Nito - sword
    Omori - sword
    Sasanuma - swimming
    Sekiguchi - close combat
    Shibukawa - close combat
    Shinden - swimming
    Shindo-Muso - staff
    Shinkage - sword and spear
    Shin-no-Shindo - close combat
    Shinto - sword
    Soken - archery
    Suifu - swimming
    Takeda - swimming
    Takenouchi - close combat
    Tendo - spear
    Taimya - sword
    Tenjin-Shinyo - close combat
    Tenshin-Shoden-Katori-Shinto - sword and spear
    Toda - chained weapons
    Yagyu - sword
    Yagyu-Shingan - close combat
    Yamanouchi - swimming
    Yoshin - close combat

    These are the specialities of bujutsu these ryu were noted for.
  12. Mekugi

    Mekugi Valued Member

    What book are these from?
  13. Kogusoku

    Kogusoku 髭また伸びた! Supporter

    Looks like Ratti & Westbrook's "Secrets of the Samurai!"
  14. Mekugi

    Mekugi Valued Member

    Eww....not the best of books.
  15. Zannen!

    Zannen! Banned Banned

    And, this isn`t the best of sources either but should get you started. Can you read japanese?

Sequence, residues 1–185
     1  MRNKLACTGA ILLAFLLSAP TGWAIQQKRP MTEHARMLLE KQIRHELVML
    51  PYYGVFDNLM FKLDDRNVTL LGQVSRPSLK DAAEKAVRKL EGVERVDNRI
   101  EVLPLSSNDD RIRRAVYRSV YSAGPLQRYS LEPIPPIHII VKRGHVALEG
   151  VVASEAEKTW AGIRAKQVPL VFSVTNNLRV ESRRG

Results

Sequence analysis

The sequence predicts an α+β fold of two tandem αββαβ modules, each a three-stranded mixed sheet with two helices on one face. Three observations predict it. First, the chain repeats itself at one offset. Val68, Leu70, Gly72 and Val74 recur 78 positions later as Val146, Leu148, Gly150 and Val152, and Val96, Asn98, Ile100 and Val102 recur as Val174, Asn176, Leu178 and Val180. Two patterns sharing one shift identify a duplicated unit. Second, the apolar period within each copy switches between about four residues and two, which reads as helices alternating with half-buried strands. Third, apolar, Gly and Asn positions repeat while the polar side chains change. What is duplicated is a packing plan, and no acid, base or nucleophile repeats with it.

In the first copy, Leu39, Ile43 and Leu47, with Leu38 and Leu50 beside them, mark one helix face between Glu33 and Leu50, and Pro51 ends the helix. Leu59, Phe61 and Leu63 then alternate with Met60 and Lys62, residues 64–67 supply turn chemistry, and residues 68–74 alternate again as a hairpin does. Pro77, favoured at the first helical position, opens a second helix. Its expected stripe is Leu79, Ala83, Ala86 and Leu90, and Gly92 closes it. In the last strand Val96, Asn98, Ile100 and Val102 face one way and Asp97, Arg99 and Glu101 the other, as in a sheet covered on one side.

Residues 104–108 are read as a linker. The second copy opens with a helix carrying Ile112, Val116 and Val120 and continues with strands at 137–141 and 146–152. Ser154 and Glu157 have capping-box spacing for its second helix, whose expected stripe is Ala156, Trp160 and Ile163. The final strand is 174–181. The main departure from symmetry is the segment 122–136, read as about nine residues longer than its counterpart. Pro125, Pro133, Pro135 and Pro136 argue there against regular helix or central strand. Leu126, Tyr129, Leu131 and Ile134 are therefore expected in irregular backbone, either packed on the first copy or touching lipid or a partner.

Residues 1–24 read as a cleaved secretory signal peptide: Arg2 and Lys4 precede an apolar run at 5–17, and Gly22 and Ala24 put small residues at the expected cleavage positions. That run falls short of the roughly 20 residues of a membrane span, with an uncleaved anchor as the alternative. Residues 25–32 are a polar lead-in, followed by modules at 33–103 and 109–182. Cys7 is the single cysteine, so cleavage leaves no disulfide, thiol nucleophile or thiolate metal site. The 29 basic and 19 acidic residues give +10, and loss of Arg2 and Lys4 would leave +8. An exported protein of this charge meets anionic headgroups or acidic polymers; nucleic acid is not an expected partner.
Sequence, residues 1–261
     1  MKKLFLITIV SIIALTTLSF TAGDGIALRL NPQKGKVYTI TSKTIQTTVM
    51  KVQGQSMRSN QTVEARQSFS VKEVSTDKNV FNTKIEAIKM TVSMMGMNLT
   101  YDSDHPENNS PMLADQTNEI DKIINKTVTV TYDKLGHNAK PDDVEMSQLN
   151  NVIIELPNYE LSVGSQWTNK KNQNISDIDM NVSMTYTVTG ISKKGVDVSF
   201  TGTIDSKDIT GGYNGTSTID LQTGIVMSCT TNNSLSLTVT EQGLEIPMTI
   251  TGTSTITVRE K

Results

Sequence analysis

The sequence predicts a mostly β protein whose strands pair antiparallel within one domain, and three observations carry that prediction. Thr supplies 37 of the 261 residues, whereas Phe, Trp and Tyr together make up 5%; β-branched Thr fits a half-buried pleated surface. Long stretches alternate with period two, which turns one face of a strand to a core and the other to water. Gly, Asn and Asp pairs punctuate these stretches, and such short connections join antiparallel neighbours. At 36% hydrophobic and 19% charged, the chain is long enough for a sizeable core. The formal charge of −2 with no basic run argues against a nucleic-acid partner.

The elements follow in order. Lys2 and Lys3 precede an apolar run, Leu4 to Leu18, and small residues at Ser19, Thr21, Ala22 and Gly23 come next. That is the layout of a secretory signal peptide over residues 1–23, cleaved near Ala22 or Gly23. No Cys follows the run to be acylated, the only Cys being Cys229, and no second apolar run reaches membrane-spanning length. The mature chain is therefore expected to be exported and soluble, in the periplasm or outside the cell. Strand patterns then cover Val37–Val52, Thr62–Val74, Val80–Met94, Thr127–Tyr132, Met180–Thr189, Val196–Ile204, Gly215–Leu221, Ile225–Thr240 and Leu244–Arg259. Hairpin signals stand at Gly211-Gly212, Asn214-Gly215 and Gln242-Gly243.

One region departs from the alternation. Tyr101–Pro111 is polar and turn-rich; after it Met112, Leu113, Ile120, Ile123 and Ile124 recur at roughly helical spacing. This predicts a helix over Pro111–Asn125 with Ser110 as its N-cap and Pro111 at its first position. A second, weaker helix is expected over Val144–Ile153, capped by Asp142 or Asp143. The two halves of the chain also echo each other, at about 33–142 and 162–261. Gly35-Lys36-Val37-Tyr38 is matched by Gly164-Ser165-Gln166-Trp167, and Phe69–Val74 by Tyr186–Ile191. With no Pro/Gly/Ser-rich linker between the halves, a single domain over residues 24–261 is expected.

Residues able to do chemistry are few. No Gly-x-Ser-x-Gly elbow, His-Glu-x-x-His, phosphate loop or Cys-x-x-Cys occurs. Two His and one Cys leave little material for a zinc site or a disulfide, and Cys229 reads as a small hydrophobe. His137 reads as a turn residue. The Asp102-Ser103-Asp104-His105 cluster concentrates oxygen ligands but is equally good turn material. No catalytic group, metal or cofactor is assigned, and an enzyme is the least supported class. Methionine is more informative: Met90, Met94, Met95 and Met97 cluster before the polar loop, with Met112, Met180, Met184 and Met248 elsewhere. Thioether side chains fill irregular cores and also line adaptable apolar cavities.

16. Mekugi

    Mekugi Valued Member

    Err...get me started? Don't follow you there...I believe you've got some wires crossed! :)

    That Wiki article needs a major re-write. Steve...little project when you get back? We can start pounding away at it little by little and make it better if you have some time.

    Anyway, "read Japanese" depends on your defintion. I can read Hirigana and Katakana- so in one sense I can read. Yet that does not mean I understand everything I read. When it comes to Kanji...that's an entirely different beast. I have to continually refer to a dictionary to get proper meaning.

    I can, however, recognize and pronounce some kanji. I recognize more than I can pronounce, though- and Kanji combinations are something entirely different as well.
    Last edited: Aug 26, 2007
  17. Mekugi

    Mekugi Valued Member